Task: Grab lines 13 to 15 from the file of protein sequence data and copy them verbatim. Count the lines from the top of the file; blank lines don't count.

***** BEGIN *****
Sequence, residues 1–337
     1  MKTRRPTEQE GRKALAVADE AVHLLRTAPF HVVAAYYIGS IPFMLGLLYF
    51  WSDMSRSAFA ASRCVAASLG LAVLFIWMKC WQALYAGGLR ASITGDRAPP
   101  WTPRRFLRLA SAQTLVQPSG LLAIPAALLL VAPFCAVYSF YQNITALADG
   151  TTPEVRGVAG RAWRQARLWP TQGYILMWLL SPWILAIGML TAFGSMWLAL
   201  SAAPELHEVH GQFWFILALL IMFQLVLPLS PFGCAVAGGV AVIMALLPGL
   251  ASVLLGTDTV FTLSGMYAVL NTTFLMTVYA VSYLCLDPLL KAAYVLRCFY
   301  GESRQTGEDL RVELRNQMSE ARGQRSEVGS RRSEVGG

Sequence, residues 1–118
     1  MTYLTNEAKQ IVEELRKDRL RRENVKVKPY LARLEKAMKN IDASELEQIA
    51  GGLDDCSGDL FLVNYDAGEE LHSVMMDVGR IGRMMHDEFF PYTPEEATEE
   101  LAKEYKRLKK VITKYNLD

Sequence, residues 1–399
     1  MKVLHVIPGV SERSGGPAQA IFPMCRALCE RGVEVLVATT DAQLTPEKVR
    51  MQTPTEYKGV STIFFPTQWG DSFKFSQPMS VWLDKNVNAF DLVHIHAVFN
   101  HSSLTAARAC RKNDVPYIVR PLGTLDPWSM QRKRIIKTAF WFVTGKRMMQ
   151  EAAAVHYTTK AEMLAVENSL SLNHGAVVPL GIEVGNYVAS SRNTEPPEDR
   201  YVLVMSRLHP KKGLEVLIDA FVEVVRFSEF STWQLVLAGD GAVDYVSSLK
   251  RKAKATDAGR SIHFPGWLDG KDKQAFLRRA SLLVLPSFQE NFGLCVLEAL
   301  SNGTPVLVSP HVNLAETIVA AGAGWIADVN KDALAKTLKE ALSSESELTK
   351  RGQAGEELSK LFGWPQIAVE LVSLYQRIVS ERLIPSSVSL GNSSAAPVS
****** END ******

Sequence, residues 1–399
     1  MKVLHVIPGV SERSGGPAQA IFPMCRALCE RGVEVLVATT DAQLTPEKVR
    51  MQTPTEYKGV STIFFPTQWG DSFKFSQPMS VWLDKNVNAF DLVHIHAVFN